Monday, December 15, 2014

Porting To Windows CE - How Hard Could It Be?

What Tiggers Do Best

I've always considered myself someone who is quick on the uptake. If you throw a new challenge at me, I expect that I should quickly engage myself and learn the basics. Soon I will master the material and be unstoppable in future pursuits. There may be setbacks, certainly, but I'll learn from my mistakes and begin to climb the ladder to climb to a peak of any elevation.

A few years ago, I was tasked with just such a challenge. I was asked to take an existing application (one that I was not very familiar with) and port the code to run on Windows CE version 4.2. "How hard could it be?" I remember thinking. Porting code to run on Windows CE, that's what Tiggers do best!

After a bit of  stumbling around, I found Microsoft eMbedded Visual C++ 4.0 available for download. This seemed to be exactly the tool I needed. A bit more searching allowed me to find some service packs and an SDK with support for my target platform. Tools in hand ...or computer, I set off to modify the code.

I began a new Windows CE project and attempted to copy our existing structure using the new tool set. Wielding the power of preprocessor macros, I updated the code. A few functions were not defined. I was forced to use similar functions with the arguments slightly modified. There were a couple of places where I needed to implement my own replacement or grab existing libraries from the web.

All in all, the porting process progressed smoothly. I learned a few lessons and got away from the project reasonably unscathed. My work was installed sometime later and ran without any significant issues for quite some time.

You see, the real thing that Tiggers (i.e. programmers) do best is to learn and adapt to new technology. We are learners, problem solvers, and excellent at pattern recognition, logic, and technological intuition.

The Version Explosion

Some time later, I was tasked with porting the same application to Windows CE 5. With a bit more searching, I was able to find an SDK that allowed me to continue using the old development environment. I now had multiple platform configurations for the same application, but everything was still okay.

It seems that every six months to a year we found the need to support yet another flavor of Windows CE. Beyond Windows CE 5, it seems that every new OS version requires a new development environment. Worse yet, for platform developers, the platform builder requires yet another environment from the application development environment.

The following table was compiled by Werner Willemsens and lists the development tools required for targeting various versions of Windows CE:

VersionPlatform (OS) Builder -> NK.BINSmart Device application
Windows CE 4.xWindows CE Platform Builder 4.xEmbedded Visual Studio 4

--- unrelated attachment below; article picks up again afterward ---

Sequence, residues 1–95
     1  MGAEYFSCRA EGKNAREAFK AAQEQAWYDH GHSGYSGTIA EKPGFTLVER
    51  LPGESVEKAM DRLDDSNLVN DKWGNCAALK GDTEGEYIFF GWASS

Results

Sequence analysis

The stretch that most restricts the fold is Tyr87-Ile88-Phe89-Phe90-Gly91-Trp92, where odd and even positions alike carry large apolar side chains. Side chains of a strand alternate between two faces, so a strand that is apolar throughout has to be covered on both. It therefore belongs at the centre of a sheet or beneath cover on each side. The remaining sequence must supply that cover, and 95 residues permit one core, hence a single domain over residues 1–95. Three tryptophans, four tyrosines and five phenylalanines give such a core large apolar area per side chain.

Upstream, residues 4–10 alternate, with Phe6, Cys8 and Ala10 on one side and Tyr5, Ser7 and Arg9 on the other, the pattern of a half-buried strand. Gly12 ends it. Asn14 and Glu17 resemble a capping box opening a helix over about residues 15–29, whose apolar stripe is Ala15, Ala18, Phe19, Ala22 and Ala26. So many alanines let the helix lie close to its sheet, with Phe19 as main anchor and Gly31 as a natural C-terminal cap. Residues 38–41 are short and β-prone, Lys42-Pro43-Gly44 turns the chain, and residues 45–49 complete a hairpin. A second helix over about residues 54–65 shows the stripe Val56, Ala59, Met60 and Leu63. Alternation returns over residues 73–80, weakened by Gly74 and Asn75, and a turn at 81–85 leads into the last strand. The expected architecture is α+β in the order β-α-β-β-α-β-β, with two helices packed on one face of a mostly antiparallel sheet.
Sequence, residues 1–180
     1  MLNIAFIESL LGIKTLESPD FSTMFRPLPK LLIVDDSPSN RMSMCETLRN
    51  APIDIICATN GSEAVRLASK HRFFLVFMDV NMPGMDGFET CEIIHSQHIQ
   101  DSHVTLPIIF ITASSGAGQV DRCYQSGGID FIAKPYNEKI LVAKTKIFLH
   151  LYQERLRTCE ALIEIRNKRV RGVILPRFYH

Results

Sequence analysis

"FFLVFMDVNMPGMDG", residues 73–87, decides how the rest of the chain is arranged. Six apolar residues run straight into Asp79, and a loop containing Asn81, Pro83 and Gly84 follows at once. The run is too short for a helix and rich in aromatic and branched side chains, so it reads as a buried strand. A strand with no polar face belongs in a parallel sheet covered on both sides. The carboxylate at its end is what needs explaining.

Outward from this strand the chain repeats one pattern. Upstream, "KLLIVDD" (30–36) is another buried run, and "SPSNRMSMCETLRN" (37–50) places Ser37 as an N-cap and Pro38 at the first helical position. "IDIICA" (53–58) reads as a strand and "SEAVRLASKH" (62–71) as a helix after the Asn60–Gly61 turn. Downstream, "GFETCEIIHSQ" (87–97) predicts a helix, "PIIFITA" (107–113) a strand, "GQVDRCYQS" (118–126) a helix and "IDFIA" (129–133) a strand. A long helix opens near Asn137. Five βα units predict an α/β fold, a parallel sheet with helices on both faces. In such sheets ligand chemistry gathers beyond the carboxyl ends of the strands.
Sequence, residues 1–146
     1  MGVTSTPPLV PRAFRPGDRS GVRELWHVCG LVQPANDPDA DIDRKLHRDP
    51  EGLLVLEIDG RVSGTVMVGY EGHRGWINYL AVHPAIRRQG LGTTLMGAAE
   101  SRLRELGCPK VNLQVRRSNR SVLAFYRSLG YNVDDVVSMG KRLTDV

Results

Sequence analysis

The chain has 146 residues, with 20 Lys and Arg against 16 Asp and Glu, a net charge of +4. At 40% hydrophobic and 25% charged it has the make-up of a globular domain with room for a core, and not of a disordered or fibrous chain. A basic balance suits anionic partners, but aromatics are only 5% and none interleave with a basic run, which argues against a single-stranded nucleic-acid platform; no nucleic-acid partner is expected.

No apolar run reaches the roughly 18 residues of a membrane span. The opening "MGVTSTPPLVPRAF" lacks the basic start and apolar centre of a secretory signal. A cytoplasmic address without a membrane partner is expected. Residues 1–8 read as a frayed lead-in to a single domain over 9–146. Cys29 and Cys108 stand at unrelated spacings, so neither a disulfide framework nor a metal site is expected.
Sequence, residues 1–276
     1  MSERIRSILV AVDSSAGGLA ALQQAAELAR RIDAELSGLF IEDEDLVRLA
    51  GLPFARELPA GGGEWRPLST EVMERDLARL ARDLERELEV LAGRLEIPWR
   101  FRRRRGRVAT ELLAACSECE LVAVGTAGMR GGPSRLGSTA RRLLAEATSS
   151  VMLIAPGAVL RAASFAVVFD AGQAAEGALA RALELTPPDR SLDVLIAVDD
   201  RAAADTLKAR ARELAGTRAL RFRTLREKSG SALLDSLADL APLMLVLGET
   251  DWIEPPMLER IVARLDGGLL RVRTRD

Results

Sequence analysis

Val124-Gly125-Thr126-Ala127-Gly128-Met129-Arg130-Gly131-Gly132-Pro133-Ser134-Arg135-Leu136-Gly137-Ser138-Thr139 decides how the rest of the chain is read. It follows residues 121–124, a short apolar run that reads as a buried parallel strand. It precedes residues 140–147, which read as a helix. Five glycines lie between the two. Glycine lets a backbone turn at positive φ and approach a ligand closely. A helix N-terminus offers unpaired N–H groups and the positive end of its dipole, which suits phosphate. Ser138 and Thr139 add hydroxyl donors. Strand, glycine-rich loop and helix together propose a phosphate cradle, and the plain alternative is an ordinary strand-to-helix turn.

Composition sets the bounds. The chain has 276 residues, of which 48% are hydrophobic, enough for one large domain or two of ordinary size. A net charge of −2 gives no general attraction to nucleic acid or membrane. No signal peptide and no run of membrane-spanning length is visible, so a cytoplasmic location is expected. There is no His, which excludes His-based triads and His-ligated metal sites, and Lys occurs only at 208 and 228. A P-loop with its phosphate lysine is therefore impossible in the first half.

Windows CE 5.0Windows CE Platform Builder 5.0Visual Studio 2005 + SDK
Windows CE 6.0Plugin for Visual Studio 2005Visual Studio 2008 + SDK
Windows CE 7.0Plugin for Visual Studio 2005Visual Studio 2008 + SDK
Windows CE 8.0Plugin for Visual Studio 2012Visual Studio 2012 + SDK

Take careful note that you will require the Microsoft Visual Studio "Professional" edition or higher in order to target Windows CE. As an alternative to Visual Studio 2005 in the table above, I was able to find a Windows CE 5.0 Standard SDK for use with Microsoft eMbedded Visual C++ 4.0 SP4.

In the link above, Werner goes on to explain how to limit the number of necessary development environments in far more detail than I wish to cover here. I would like to say a big thank you to Werner and the valuable information provided.

P.S. Did I mention that the tools above are not all compatible with the same desktop versions of Windows?

On CE's Struggles

Through my own experiences with Windows CE, I've developed my own theory as to why the platform struggled to gain traction. The theory is simple and kind of sad: Microsoft's development tools are so poorly strung together as to feel that they are actively fighting the developer.

I developed for Windows CE because our business needs directly required it. After spending many hours researching and following many paths leading to dead ends, I was able to piece together a working development environment. Even after doing so, maintaining an application for an array of different OS versions becomes unpleasant and expensive as you need to buy multiple costly software licenses when it would seem that the newer tools should be compatible with the older OS versions.

If, knowing nothing, I were starting a new project and given the choice between multiple platforms, I would probably not choose the one that feels like pulling teeth even before I write a simple "Hello World" application. I believe that this frustrating barrier to entry contributes significantly to developers looking at alternative choices.

A Faint Light

This is highly subjective, but I have a feeling that with each new iteration, Microsoft is beginning to clean up its act and making Windows CE development simpler and more streamlined. They may finally be turning the corner and arriving at a new golden age of embedded development.

As with many programming tasks, getting started with Windows CE development was much more difficult than I had originally anticipated. That said, if you tread carefully and find the right resources, you can create beautiful applications on this platform, too. Hopefully posting some of the information I've discovered along the way will help make the journey just a bit simpler for the next guy.


Joshua Ganes